Good NIght

Av EvaLena Hallgren - 10 juli 2020 12:22

Goodmorning again, Yesterday was a boring day of driving and driving with nothing to see so I napped a lot. Mom is jealous that she couldn't do that..........we left Iowa and drove through Missouri and now we're in Iowa


Mom read Henry on this license plate???


Traffic through St Louis was horrid and what's up with the roads? I was bouncing around all over........


This was the views from my window miles and miles of nothing but corn and fields without a bend in the road.........yawn


I was hoping the truck would hit a bump so one of those melons would bounce into the road.........Mom said no and quickly passed.............it would make an awful mess she said...........so much for some kind, ANY kind of excitement


Mom thinks these silos that are everywhere are interesting looking.............huh? I don't get that at all..................


Finally, we arrived in a town named Pella, which is a town founded by immigrants from Holland. This windmill The Vermeer Mill is a fully functional 1850s-style windmill, reaching 134 ft (41 m) high. The Vermeer Mill grinds wheat into flour using only wind power and is the tallest working windmill in the United States.


Pella is located forty miles southeast of Des Moines and the home of Central College, as well as several manufacturing companies, including Pella Corp. which makes windows and a factory that makes farm equipment.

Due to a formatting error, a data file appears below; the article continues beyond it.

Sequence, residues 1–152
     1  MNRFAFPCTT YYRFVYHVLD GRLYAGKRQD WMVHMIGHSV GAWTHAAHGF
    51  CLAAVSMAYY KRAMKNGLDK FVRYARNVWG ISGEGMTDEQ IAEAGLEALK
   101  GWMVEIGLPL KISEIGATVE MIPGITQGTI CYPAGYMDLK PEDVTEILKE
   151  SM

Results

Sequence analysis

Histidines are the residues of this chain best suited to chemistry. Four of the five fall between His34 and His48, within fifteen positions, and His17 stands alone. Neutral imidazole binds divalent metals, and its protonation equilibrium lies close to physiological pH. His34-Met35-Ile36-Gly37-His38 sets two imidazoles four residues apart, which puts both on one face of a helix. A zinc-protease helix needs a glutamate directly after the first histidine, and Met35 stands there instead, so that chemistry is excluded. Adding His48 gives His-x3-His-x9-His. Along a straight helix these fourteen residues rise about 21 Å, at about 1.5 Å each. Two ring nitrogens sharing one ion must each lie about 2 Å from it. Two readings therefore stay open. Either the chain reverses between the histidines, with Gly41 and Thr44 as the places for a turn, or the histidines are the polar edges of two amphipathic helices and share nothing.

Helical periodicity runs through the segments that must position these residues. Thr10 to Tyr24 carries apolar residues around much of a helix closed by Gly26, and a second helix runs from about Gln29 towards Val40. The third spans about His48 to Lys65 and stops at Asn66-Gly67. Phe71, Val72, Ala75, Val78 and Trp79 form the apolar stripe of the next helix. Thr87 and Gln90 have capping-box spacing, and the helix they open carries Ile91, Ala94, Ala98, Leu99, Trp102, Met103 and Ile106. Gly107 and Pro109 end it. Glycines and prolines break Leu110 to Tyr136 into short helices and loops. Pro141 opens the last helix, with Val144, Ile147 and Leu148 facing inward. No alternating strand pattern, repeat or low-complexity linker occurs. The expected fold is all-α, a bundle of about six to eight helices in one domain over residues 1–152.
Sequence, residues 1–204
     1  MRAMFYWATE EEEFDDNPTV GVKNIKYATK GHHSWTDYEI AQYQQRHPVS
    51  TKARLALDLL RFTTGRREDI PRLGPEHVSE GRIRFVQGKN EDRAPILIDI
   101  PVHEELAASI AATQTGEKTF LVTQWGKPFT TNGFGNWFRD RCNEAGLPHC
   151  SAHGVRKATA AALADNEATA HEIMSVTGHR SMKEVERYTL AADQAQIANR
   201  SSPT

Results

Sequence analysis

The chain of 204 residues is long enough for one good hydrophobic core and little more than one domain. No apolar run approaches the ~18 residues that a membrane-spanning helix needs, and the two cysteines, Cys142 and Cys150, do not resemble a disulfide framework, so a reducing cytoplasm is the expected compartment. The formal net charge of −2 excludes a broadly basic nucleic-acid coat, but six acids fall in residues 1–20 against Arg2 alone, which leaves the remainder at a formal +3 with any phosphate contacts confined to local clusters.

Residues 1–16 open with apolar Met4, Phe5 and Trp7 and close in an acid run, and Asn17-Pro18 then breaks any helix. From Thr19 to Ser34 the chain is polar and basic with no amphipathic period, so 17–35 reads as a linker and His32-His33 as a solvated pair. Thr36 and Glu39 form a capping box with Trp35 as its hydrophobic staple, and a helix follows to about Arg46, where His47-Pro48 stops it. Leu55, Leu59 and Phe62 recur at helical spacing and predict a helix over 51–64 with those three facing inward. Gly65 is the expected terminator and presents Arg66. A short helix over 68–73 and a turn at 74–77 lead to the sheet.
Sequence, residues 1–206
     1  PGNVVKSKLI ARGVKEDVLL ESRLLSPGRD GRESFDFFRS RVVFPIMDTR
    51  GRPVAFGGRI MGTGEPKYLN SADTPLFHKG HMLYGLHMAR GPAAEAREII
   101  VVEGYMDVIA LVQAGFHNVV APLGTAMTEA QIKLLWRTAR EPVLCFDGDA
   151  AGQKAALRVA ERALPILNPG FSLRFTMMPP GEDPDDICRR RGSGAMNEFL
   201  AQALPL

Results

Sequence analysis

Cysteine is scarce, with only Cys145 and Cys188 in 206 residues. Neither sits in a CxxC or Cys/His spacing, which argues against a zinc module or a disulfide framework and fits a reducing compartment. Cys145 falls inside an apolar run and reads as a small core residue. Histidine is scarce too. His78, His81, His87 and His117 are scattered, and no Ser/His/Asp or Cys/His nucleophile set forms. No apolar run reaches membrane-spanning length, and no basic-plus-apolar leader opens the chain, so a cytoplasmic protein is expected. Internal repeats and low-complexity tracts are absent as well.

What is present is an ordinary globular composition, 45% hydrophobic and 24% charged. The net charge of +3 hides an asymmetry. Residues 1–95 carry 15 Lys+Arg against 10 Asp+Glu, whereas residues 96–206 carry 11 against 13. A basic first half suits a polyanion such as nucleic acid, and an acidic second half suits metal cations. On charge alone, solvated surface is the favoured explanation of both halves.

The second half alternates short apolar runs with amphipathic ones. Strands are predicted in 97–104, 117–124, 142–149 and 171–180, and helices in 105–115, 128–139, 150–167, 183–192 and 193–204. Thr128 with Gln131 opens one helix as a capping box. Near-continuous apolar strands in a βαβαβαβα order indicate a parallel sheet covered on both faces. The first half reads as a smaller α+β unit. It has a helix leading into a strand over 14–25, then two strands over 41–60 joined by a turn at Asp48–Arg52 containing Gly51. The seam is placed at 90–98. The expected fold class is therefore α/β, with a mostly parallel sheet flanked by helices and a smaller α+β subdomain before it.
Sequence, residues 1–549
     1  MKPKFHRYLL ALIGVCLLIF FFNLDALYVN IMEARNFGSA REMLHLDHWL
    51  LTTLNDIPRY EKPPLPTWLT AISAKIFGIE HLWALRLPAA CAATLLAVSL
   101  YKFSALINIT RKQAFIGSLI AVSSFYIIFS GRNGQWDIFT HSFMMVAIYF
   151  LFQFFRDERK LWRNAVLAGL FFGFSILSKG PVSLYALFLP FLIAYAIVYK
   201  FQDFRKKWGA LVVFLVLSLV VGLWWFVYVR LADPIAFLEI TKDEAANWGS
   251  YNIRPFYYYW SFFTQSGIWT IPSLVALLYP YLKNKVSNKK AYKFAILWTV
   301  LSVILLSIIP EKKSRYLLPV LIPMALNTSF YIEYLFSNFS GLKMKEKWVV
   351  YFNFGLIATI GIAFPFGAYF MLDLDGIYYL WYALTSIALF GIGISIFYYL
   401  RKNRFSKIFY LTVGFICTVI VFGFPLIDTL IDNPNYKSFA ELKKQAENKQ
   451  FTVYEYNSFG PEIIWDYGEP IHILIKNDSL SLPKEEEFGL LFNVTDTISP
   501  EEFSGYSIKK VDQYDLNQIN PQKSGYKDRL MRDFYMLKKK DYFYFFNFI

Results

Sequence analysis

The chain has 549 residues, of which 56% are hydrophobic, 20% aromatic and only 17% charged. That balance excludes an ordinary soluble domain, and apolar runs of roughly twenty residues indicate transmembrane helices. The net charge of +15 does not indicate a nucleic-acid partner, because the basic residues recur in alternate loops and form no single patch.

We were lucky to arrive on a Thursday because that's the day when there's a party in the park. Unfortunately, no one seems to be aware of the Covid virus since very few were wearing masks, so we tried to walk around it all, but they were playing games with balls that I really wanted to participate in...................but noooooo that was for two legged puppies.


The streets were mostly deserted (everyone was at the park)and Mom loved the old buildings a lot so we did a lot of walking. This is the Opera House, built-in 1900, was renovated in 1990 and is a popular entertainment destination, featuring stained-glass windows and ornate tin ceiling 


The entire town is super clean and as a visitor, you can clearly see the Dutch influence. They even tried to recreate the canals of Amsterdam. Mom said the original canals in Holland are not this clean and definitely not blue



this town has a very interesting history and is the home to one of the most famous (or infamous?) characters of the Old West. Wyatt Earp moved with his family to Pella in 1850, when Wyatt was 2 years old, from Monmouth, Illinois. For 14 years the Earp family farmed in the Pella area, and Wyatt’s father, Nicholas Earp, worked as a recruiter for the Union Army.  here's a link to more stories https://www.pellahistorical.org/wyatt-earp


Mom couldn't get enough of these fabulous buildings but I have nothing to say about them so ........................



The artwork is very Dutch and not much of an interest to me either.............I did find a lot of interesting scents though 



Is this a crackhouse?  


It's 6.30 AM and it's time to pack up and continue on North, and I'm hoping roads will get more exciting and that we don't need to drive as many miles before stopping again....................Oh, I forgot to tell you there was a band playing and before that, they had some kind of quiz going on. 



we kisses to you all